Leesa Harwood has announced that she is set to step down from her role as director of community lifesaving and fundraising at the RNLI, after nine years with the organisation.
Paul Boissier, chief executive of the organisation, announced Harwood’s resignation in a statement published on the RNLI’s website yesterday. He said that Harwood would be working her “full notice period of six months and will continue to fulfil her role until 26 October 2018”.
Harwood joined the RNLI in April 2009 as its head of engagement. She was later made deputy director of fundraising communications until she was made director of community lifesaving and fundraising on a permanent basis in October 2014.
According to the statement, Harwood will be leaving the organisation to “take time to focus more on non-work commitments”.
Prior to joining RNLI, she was the head of fundraising for the Dartington Hall Trust; head of community fundraising for Save the Children and a community involvement manager for Business in the Community.
She began her career in the voluntary sector in 1991 with March of Dimes, an American non-profit, where she was based in Florida.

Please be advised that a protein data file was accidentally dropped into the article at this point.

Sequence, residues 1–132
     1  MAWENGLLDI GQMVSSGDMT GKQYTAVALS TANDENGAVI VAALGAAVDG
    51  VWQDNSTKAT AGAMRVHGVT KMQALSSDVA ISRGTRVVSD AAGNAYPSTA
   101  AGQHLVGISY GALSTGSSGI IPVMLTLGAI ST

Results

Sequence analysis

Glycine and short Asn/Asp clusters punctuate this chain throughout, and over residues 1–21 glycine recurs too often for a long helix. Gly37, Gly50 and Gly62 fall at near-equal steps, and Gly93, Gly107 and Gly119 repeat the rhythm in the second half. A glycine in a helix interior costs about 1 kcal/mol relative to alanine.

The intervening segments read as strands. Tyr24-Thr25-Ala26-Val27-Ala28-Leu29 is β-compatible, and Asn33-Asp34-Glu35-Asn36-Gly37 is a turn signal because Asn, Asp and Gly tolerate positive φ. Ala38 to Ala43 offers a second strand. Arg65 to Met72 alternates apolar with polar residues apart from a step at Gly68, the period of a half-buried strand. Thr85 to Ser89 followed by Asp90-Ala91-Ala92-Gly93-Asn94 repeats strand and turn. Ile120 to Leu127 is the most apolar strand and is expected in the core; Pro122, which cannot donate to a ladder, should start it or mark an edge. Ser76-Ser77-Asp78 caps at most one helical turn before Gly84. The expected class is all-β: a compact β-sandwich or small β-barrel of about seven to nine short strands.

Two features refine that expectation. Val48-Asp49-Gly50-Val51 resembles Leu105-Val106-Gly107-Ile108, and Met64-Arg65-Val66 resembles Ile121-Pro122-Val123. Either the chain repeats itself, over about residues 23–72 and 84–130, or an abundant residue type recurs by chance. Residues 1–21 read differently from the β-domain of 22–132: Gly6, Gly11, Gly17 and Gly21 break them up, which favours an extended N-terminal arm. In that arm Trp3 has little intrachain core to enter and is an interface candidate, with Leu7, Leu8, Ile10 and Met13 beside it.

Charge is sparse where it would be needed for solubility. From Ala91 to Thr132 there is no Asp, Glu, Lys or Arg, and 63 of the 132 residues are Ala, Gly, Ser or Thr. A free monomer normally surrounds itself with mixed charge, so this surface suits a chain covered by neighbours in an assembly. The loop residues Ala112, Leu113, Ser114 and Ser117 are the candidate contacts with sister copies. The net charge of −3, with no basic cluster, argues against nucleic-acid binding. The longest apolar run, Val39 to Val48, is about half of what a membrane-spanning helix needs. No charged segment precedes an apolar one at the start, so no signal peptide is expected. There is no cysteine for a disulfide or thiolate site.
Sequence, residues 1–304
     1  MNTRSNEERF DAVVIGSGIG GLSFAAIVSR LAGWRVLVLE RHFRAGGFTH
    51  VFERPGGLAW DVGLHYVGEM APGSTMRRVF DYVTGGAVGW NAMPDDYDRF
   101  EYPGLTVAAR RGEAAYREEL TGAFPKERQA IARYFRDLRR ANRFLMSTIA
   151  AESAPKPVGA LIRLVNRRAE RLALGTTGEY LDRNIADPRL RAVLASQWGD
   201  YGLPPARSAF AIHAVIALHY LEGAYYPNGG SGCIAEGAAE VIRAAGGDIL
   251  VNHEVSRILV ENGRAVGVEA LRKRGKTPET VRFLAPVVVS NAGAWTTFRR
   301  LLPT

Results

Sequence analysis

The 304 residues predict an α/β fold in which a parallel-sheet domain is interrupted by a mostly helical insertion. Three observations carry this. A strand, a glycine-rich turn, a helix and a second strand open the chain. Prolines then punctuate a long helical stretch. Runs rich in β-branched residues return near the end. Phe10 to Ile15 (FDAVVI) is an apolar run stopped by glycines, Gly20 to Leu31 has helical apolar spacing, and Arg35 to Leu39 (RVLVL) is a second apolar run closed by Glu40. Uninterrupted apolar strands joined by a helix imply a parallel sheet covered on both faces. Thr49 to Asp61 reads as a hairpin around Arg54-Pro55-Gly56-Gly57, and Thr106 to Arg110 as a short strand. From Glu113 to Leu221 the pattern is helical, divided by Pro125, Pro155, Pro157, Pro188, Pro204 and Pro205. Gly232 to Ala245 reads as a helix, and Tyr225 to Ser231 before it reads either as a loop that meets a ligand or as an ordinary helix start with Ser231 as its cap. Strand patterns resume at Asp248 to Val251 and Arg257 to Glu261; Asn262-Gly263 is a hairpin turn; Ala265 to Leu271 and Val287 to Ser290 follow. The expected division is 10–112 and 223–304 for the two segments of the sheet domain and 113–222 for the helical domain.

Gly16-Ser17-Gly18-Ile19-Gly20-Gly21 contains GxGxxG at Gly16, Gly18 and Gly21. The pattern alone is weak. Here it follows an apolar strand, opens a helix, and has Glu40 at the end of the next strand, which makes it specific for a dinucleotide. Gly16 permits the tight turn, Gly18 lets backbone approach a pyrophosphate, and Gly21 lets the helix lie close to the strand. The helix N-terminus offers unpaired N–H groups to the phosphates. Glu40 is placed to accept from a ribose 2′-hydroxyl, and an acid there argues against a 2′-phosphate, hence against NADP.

Boissier said: “I would like to thank Leesa for her dedication and the leadership he has shown over the last nine years. She has been instrumental in driving some brave decisions, such as pushing us to be the first charity to move to opt in and the merger of fundraising and operations into what we now know as community lifesaving.
He also said that: “these decisions have set us up for success in the 21st century.”
Boissier said his focus will be to “bring in a new director who can build on the work that Leesa has started, and who has the expertise, experience and leadership capability to lead this absolutely critical part of the RNLI strongly into the future.
Boissier said the process for finding Harwood’s replacement will begin “shortly and will be a “robust and transparent” process.
Harwood said; “My time here has been rewarding, humbling and fulfilling. It has been an absolute privilege to work with such an incredible team of staff and volunteers here at the RNLI and to have been able to add value to this very special charity.
“Now though, commitments outside work mean that I can no longer give the time and energy that this role demands and after nine years at the RNLI, it is time to move on.”